The Hoover Dam reservoir is at a historic low


Lake Mead, the reservoir created by the Hoover Dam, which supplies water to 25 million people in western states, is at an all-time low. On June 9, the water level dropped to 1,071.57 feet above sea level, barely beating a record low last set in 2016.

The lake’s surface has dropped 140 feet since 2000, leaving the reservoir only 37 percent full. With such a dramatic drop, officials expect to declare a civil servant water shortage for the first time ever. That could affect the water and energy Lake Mead and the Hoover Dam supply to Arizona, California and Nevada.

The water levels at Lake Mead, the largest reservoir in the US, are expected to decrease throughout the year. The drought pulling on the lake’s water levels is also affecting other states in the region. “Please join me and the Utahns, regardless of their religious affiliation, in a weekend of humble prayer for rain,” Utah Governor Spencer Cox said in a video plea last week. He declared a state of emergency in March when Utah, like much of the West, plunged deep into drought.

The West is ablaze in deep red and burgundy due to drought Cards for the US, indicating “extreme” to “exceptional drought”. Farmers, who are already abandoning their crops due to lack of water, are feel the tension most.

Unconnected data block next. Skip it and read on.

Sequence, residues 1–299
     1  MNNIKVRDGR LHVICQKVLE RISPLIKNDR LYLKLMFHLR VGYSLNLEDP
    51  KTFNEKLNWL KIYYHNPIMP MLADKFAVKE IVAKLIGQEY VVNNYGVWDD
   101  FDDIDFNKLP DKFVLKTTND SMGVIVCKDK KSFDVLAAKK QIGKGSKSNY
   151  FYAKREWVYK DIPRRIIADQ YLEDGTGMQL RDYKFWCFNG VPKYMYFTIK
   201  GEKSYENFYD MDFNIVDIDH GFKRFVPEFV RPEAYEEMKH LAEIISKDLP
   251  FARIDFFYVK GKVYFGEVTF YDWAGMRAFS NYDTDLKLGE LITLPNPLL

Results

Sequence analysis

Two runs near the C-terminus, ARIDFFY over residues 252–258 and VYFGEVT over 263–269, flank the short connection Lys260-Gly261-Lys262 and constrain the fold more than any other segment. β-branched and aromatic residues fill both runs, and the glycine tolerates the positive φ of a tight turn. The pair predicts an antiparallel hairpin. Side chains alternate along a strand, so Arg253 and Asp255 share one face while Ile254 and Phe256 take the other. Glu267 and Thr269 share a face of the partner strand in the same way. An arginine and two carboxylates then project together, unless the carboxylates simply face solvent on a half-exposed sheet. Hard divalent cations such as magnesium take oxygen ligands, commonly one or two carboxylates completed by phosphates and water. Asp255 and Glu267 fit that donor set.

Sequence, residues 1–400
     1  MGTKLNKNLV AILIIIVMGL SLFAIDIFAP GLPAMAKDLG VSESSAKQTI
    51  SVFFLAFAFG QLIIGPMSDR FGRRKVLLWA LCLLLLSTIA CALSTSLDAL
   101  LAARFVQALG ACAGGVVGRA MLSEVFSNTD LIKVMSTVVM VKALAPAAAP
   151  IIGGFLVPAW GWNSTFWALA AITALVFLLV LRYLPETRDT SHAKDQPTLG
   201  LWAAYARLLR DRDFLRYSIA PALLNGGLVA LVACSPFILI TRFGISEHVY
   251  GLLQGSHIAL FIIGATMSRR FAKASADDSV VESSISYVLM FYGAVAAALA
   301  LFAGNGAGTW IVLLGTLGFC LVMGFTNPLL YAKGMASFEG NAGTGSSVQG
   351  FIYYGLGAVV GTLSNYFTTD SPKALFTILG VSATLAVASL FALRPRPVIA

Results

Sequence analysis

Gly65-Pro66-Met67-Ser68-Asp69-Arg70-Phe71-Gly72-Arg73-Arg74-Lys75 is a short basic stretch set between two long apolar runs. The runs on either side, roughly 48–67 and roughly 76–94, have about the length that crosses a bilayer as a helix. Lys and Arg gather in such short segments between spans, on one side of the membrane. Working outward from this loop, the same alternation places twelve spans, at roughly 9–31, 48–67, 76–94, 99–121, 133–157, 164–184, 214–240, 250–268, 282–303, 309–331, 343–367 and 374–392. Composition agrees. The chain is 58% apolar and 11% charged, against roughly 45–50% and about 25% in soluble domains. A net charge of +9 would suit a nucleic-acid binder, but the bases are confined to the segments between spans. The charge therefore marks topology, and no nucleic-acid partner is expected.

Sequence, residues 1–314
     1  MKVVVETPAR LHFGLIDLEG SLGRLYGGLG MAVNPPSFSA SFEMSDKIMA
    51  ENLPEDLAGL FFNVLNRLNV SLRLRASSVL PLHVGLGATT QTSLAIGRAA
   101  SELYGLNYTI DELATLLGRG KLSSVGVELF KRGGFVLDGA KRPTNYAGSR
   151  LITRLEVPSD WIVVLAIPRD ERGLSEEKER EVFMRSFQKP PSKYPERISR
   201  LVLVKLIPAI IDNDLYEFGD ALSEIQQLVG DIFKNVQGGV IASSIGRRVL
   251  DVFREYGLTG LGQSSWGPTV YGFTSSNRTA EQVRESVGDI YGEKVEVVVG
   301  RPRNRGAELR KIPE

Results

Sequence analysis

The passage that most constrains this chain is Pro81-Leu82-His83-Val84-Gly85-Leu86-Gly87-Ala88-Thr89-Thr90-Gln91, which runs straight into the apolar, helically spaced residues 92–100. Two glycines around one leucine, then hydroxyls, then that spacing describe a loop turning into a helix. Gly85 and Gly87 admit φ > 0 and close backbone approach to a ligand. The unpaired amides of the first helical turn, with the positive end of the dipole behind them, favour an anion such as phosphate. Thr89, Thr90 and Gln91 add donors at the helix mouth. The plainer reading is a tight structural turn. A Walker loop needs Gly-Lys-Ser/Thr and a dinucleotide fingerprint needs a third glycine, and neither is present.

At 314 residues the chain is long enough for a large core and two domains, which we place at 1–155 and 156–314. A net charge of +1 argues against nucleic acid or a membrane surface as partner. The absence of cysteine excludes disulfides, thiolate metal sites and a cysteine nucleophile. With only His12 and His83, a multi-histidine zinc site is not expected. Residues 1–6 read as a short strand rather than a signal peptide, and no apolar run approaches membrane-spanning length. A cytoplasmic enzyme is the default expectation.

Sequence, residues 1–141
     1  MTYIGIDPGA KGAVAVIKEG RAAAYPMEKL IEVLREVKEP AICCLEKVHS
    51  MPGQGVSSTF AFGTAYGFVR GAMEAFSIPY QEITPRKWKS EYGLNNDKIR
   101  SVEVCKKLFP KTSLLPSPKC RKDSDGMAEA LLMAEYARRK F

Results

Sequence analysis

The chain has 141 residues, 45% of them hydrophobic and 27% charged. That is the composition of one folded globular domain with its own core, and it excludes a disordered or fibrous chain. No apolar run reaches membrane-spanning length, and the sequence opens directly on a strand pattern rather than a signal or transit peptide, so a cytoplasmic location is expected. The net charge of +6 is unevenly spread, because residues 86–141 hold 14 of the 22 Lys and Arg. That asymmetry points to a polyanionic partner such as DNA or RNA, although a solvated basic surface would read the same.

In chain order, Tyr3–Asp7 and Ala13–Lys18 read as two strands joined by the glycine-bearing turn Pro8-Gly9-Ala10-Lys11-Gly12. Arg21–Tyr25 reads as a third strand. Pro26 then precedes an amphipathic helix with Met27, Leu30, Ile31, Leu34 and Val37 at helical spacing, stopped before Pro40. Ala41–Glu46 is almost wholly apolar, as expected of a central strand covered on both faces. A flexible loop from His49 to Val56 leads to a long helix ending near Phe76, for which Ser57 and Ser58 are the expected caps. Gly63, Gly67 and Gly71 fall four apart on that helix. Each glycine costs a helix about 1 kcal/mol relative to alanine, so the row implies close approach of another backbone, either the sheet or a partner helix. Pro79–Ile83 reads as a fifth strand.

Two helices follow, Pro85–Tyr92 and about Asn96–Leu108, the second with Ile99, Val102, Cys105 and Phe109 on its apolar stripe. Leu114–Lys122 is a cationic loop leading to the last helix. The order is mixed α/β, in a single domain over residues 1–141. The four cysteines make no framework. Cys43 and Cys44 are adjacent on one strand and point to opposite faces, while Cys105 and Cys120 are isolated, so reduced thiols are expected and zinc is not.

A snapshot from the National Oceanic and Atmospheric Administration Drought Monitor on June 1, 2021.

It didn’t help that a blistering spring heat wave hit much of the continental US last weekend. Las Vegas, about 30 miles from Lake Mead, reached 109 degrees Fahrenheit and could see even higher temperatures next week. All in all, the drought and heat are scary omens for this year’s fire season. An above-normal fire risk is: predicted for the southwest through June, according to the National Interagency Fire Center.

In July, the monsoon season in the southwest is expected to kick off and provide some relief – at least temporarily. Climate change has brought about higher spring and summer temperatures, more severe wildfires, less snow (on which much of the West depends for water), and more intense dry seasons.